To further understand the production capacity of 2,3-BD and acetoin, higher concentrations of glucose or xylose were examined at 42 ˚C because the productivity of 2,3-BD was nearly the same as the productivities at 37 ˚C and 40 ˚C (Figs. 1 and 2). When 40 g/l, 60 g/l and 80 g/l glucose were applied, 16 g/l and 19 g/l of 2,3-BD at 9 h and 22 g/l of 2,3-BD at 12 h were produced, respectively, and 9 g/l, 3 g/l and 2 g/l of acetoin were produced at 48 h, respectively (Fig. 3). However, 20 g/l and 36 g/l glucose remained in the medium under the condition with 60 g/l and 80 g/l glucose. The largest amounts of 2,3-BD were detected at 9 h with 80% and 63% of the theoretical yield and at 12 h with 56% of the theoretical yield under the conditions with 40 g/l, 60 g/l and 80 g/l glucose, respectively. The sum of 2,3-BD and acetoin at 12 h under the 80 g/l glucose condition was 59% of the theoretical yield, which was much lower than 88% and 66% at 9 h under the 40 g/l and 60 g/l glucose conditions, and the conversion of 2,3-BD to acetoin seemed to be stopped after 24 h, suggesting that the production of 2,3-BD and the conversion of 2,3-BD to acetoin were prevented. These findings suggest that about 22 g/l of 2,3-BD is the upper limit in the case of glucose as a carbon source. Notably, in contrast to the experiments with 20 g/l glucose, both the decrease in 2,3-BD and increase in acetoin were monophasic, and the 2,3-BD decrease was not significant in experiments with 60 g/l and 80 g/l glucose. It is presumed that the conversion of 2,3-BD to acetoin was prevented when glucose remained in the medium.

Fig. 3
figure 3

Effects of initial glucose concentrations on 2,3-BD production. Cells were cultivated in YP medium supplemented with 40 g/l (filled circles), 60 g/l (filled squares) or 80 g/l (filled triangles) glucose at 42˚C under a shaking condition at 100 rpm. a Turbidity (OD600) and the concentrations of b glucose, c 2,3-BD and d acetoin in the culture medium were determined as described in Materials and methods. Error bars indicate standard deviation of three independent experiments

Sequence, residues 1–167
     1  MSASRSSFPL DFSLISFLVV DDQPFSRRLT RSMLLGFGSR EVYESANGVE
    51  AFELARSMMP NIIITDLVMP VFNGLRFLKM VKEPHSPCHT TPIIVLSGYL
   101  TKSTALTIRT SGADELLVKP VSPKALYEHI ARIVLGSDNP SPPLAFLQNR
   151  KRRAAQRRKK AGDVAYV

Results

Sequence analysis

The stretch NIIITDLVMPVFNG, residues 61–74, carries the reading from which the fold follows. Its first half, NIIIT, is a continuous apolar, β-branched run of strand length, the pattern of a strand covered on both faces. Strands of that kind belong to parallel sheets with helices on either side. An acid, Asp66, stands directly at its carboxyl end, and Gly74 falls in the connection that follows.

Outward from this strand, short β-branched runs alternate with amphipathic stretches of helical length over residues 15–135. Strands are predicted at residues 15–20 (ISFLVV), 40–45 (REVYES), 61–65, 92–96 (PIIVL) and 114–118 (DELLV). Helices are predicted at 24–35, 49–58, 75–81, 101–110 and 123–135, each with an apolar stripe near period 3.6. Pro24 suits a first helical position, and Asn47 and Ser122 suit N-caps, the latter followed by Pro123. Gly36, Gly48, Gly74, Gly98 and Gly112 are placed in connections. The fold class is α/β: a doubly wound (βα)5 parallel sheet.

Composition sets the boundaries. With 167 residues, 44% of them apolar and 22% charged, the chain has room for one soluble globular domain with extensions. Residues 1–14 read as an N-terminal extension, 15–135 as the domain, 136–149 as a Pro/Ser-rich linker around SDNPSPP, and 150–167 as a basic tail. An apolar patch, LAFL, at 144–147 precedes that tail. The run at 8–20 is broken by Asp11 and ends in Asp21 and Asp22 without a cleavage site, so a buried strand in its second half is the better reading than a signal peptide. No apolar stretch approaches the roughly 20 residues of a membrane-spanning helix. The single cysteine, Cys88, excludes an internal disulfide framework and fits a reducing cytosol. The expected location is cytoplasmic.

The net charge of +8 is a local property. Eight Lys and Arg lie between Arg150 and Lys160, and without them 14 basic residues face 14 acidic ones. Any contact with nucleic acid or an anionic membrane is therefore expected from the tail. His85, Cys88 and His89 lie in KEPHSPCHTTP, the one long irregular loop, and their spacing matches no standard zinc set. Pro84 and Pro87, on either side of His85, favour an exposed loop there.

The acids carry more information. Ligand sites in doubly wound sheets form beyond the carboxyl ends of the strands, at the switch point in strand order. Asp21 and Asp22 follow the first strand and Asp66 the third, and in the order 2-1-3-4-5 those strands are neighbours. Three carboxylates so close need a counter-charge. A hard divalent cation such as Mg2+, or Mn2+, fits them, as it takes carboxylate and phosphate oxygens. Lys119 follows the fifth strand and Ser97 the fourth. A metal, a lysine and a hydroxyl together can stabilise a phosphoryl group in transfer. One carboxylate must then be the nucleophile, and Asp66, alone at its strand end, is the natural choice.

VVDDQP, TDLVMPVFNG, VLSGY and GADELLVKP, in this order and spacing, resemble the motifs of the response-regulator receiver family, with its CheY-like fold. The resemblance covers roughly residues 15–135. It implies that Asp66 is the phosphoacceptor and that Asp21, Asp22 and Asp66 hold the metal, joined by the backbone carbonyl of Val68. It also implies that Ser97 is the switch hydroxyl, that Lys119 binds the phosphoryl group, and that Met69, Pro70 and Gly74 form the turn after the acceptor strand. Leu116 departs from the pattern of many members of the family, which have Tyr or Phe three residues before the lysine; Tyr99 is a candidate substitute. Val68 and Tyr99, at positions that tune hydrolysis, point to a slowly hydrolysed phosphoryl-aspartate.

When 40 g/l, 60 g/l and 80 g/l xylose were applied, 13 g/l of 2,3-BD at 12 h, 22 g/l at 24 h and 29 g/l at 36 h were produced, respectively, and 8 g/l of acetoin at 48 h, 4 g/l at 48 h and 5 g/l at 60 h were produced, respectively (Fig. 4). However, 4 g/l xylose and 7 g/l xylose remained in the medium at 48 h under the condition with 60 g/l and 80 g/l xylose, respectively. The largest amounts of 2,3-BD were found at 12 h with 53% of the theoretical yield, at 24 h with 60% of the theoretical yield and at 36 h with 59% of the theoretical yield under the conditions with 40 g/l, 60 g/l and 80 g/l xylose, respectively. The sums of 2,3-BD and acetoin under the 60 g/l and 80 g/l xylose conditions were 65% (at 24 h) and 65% (36 h) of the theoretical yield, respectively, which were much higher than 58% at 12 h under the 40 g/l xylose condition, but the conversion of 2,3-BD to acetoin at high xylose concentrations was greatly reduced. These findings suggest that this strain is able to produce about 29 g/l of 2,3-BD in the case of xylose as a carbon source. Therefore, it is assumed that the production of 2,3-BD with xylose is greater than that with glucose, although the production speed of the former is slower than that of the latter.

Fig. 4
figure 4

Effects of initial xylose concentrations on 2,3-BD production. Cells were cultivated in YP medium supplemented with 40 g/l (filled circles), 60 g/l (filled squares) or 80 g/l (filled triangles) xylose at 42˚C under a shaking condition at 100 rpm. a Turbidity (OD600) and the concentrations of b glucose, c 2,3-BD and d acetoin in the culture medium were determined as described in Materials and methods. Error bars indicate standard deviation of three independent experiments